For so long, the early Greek New Testament has been obfuscated from the average Christian because of incomplete data, restricted access, biased scholarship, financial barriers, and educational obstacles. The mission of the CNTR is to provide free, accessible, accurate electronic Greek texts and materials to encourage people to directly interact with the words of the New Testament. Not merely for the sake of head knowledge, but that many would apply this knowledge and be born again of the Spirit (John 3:3) by repenting of their sins (Acts 2:38) and receiving Jesus Christ as Lord of their lives (Rom. 10:9-10).
To this I say both Yes and Amen! and Whoa, there, wait a minute. On the plus side, I like that this project gives easy access to data that is still otherwise difficult to find. This is very useful to those with an academic interest in the Greek NT. It is also a useful way to show that the variation in NT manuscripts which people like Bart Ehrman have trumpeted in modern times really is not that great. In that sense, someone without very much Greek knowledge could benefit from this resource. On the negative side, there is an inherent danger in access to information that one doesn’t have a meaningful framework within which to understand it. The great strength of this resource is its verse by verse display of the readings of extant texts. A verse by verse approach is, however, fraught with its own problems. I will discuss this more in one of my next couple posts, but in short, a variant reading in a particular manuscript for a particular verse may actually testify to a pattern of variation for a particular scribe, rather than indicating an actual variant reading. Treating isolated verses without considering the whole manuscript they are in (which is not a big deal with a good many of the manuscripts cited here, as they tend to be short and fragmentary) can be misleading. With that caveat in mind, I find this project to be really great and heartily recommend it to any and all with an interest in the Greek NT.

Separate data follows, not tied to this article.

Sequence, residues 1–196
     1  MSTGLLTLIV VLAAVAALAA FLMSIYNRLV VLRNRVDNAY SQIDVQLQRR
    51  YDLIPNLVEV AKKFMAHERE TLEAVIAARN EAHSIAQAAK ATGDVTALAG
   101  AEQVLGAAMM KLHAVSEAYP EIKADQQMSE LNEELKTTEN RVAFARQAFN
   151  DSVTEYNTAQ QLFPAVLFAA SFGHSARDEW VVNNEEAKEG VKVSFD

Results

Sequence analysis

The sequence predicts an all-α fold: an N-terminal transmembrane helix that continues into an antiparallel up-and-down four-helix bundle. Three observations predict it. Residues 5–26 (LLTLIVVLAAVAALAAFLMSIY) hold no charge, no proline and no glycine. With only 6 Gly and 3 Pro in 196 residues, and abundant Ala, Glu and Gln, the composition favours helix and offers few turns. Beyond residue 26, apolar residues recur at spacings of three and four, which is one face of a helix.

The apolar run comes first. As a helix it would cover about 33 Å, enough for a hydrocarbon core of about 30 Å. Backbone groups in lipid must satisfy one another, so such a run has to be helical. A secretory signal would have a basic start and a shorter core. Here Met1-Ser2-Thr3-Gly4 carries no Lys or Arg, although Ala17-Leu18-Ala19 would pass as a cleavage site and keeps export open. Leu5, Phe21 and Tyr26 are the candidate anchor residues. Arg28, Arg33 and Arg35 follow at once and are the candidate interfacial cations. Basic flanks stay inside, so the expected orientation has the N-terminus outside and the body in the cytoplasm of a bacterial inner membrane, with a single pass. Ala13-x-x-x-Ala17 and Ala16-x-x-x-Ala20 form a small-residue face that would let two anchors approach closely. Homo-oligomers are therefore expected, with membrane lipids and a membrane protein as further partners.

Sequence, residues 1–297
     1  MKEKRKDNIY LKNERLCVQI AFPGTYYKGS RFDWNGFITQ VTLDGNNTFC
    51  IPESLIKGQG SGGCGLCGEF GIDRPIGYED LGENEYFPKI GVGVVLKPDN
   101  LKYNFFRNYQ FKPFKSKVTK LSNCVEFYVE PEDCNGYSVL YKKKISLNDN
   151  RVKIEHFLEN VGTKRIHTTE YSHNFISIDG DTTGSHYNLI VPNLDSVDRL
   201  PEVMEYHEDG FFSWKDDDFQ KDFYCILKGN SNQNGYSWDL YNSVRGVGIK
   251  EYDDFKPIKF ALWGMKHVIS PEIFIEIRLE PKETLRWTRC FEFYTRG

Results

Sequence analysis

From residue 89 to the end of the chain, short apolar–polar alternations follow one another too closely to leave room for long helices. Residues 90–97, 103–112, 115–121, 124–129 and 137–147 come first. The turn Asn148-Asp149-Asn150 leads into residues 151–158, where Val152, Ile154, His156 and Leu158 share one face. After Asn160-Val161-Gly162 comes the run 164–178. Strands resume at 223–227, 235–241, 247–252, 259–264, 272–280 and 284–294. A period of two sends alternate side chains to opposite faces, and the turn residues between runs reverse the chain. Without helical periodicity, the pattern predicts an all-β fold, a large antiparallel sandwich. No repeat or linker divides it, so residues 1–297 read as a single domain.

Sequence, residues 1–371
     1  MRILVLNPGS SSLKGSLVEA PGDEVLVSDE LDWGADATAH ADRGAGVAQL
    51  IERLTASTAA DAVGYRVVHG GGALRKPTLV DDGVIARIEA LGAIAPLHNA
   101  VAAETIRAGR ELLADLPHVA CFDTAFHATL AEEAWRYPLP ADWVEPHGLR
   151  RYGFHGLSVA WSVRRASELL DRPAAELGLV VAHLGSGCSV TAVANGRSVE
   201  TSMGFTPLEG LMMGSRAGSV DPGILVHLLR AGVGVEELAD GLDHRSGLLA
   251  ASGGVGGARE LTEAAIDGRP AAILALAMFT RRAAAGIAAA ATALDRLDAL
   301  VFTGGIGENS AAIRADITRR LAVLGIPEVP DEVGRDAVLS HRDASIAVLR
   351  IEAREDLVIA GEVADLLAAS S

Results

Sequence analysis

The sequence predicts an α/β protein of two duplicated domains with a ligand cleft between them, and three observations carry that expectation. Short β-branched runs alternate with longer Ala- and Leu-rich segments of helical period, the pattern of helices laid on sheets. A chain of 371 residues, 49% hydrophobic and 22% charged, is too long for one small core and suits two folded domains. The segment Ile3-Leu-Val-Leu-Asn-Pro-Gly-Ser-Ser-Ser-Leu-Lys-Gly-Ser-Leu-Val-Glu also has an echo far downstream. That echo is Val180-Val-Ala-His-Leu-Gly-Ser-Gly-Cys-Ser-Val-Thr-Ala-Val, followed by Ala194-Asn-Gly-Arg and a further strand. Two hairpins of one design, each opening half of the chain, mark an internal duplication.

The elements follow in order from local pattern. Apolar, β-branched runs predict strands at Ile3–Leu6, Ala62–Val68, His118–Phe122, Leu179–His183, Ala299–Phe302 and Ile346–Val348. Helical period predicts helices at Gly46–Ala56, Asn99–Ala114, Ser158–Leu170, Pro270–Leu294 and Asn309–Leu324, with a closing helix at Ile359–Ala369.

The featured image is a picture of GA P101, Leaf 1 Recto, of Matthew 3.10+ taken by The Center for the Study of New Testament Manuscripts, available here. Copyright: “Faithful reproductions of two-dimensional public domain works are considered to be in the public domain in the United States (see Bridgeman Art Library, LTD. v. Corel Corp., 1999). Reproduction of this content may be restricted in other jurisdictions.”